By Marie Claire
Welcome to Couples + Money, where we break through the confines of polite conversation. Forget questions about your sex life. We're getting even more personal. Let's talk about what you and your partner are doing—and not doing—with your paychecks.
Every other Thursday, an anonymous couple will get candid with Marie Claire about how they split their finances. We’ll break down what each person pays for individually, what they split, and all the gritty details—from who picks up the bill in restaurants to who picks fights over bank statements.
This week, we're talking with Michelle, 25, a nonprofit program coordinator in California who earns $34,320 per year ($2,860 per month) and her partner Luna, 28, an IT document controller, who earns $45,000 per year ($3,750 per month). They've been together three years.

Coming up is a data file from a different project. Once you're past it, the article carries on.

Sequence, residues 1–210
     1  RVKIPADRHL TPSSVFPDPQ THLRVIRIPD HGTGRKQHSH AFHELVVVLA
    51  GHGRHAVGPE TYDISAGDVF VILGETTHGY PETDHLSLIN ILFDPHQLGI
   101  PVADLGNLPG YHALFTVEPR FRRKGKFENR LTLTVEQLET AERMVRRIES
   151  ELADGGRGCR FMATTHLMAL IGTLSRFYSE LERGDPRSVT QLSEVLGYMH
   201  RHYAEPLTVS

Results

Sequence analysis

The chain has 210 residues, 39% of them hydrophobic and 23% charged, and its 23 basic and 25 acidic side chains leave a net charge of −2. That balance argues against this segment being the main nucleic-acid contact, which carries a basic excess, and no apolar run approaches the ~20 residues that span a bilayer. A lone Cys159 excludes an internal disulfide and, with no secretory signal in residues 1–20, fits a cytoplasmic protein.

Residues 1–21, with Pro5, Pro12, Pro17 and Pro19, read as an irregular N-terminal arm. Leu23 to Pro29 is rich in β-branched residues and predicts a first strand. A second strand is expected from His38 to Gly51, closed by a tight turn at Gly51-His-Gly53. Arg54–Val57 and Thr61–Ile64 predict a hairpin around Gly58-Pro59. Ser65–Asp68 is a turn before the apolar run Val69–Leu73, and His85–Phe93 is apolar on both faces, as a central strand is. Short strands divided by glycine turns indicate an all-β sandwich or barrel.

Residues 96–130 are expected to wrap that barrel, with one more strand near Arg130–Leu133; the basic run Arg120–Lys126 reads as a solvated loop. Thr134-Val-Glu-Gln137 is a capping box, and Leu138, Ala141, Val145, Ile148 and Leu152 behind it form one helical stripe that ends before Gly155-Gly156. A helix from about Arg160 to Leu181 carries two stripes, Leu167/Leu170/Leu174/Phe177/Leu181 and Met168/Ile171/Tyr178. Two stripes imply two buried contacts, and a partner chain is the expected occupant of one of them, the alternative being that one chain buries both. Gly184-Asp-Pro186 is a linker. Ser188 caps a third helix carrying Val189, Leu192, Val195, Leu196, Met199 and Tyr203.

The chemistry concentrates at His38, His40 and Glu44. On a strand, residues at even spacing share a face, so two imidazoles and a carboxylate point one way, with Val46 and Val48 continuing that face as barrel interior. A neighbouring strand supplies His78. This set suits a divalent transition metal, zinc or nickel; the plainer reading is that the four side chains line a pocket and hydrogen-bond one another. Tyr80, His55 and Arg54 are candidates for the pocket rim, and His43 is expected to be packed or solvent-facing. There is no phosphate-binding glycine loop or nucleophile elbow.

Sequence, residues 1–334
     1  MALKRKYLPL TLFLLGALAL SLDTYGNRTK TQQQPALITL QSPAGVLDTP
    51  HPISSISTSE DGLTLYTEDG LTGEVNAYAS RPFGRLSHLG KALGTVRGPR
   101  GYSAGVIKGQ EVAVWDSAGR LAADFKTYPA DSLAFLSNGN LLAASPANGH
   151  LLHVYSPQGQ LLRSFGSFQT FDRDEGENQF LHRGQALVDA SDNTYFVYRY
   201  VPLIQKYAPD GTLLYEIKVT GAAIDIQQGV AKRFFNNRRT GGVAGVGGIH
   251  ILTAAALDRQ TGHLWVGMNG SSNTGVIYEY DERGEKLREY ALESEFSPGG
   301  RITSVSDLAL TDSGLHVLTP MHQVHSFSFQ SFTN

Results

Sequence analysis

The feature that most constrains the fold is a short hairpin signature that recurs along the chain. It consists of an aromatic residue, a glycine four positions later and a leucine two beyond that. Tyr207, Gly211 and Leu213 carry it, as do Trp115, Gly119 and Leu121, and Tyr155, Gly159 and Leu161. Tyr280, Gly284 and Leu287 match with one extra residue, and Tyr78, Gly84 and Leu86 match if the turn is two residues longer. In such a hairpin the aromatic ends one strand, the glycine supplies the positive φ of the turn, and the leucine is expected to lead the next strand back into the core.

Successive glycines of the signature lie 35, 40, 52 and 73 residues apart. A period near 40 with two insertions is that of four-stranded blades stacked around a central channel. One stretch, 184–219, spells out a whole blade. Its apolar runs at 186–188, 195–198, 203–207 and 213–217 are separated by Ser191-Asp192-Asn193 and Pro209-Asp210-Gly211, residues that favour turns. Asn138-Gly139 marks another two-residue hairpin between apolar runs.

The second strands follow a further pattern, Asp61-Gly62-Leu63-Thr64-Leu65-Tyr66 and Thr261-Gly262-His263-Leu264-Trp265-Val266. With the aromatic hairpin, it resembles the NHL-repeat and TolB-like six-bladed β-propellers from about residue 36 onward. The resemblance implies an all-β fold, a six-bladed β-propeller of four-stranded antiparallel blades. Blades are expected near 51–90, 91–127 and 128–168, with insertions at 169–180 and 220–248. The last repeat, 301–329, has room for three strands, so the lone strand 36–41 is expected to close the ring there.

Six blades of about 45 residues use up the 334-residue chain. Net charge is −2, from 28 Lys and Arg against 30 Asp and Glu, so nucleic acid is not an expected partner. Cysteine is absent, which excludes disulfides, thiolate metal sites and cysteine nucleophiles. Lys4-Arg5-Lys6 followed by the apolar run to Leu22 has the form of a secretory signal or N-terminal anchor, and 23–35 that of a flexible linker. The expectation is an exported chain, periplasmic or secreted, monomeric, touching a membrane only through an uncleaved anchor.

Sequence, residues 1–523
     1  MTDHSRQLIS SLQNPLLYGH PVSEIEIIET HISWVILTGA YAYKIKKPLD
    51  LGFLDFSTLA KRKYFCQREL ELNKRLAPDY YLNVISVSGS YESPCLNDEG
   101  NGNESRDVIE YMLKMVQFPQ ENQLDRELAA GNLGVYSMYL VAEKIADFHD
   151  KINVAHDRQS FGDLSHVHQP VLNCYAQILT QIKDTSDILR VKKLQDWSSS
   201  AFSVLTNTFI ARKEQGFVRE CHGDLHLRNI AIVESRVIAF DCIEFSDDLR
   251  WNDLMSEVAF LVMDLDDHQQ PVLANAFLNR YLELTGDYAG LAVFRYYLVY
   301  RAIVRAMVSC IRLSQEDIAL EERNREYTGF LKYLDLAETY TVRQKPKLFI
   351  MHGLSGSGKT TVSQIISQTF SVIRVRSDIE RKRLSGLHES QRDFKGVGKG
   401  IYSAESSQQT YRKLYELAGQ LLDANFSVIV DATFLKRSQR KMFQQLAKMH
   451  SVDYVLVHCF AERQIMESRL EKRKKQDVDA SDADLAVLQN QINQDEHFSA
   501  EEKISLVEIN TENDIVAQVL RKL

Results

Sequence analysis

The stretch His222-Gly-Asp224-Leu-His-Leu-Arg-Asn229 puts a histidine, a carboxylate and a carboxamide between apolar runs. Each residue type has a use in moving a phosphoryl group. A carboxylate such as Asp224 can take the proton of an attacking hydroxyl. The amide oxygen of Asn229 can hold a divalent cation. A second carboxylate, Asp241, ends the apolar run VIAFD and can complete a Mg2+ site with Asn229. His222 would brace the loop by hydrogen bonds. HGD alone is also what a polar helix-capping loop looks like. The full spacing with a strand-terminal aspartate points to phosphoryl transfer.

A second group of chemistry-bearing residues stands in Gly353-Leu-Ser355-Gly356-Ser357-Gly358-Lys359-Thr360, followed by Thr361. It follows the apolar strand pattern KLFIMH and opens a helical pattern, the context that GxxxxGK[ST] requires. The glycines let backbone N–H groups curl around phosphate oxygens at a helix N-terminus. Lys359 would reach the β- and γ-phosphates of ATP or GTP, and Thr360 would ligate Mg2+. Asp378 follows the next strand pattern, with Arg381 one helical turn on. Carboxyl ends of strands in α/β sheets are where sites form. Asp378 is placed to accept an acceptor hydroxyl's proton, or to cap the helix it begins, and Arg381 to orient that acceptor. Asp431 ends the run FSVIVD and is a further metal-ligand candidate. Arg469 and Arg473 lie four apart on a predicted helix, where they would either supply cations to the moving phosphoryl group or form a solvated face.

Want to be profiled with your partner in Couples + Money? Get in touch: firstname.lastname@example.org.
How It All Happened
Luna: Spring of 2015, we both swiped right.
Michelle: Looking back on it, we were in a relationship from the moment we met. We moved in together in October of 2016.
Luna: We moved into a shabby fifth-wheel trailer, which we later named Aretha. The trailer was owned by a friend and parked in her backyard. We paid $700 each month, and we boiled in the summer and froze in the winter. Aretha was quirky, and had more than a couple issues, but she was our first home and we loved her (but we don’t miss her).
Luna: Three-ish years later, we are now engaged.
Michelle: No dependents.
Luna: She keeps telling me she wants six kids.
When We Told Each Other Our Salaries
Michelle: We talked about how much we made pretty early on in the relationship. She had just begun working at her company making about $14 an hour and was trying to get hired on permanently, and I was up for a promotion that raised my wage from $17 to $23. We discussed how much we made within the first three months of dating. At this point we had only discussed wages, not debts or bills.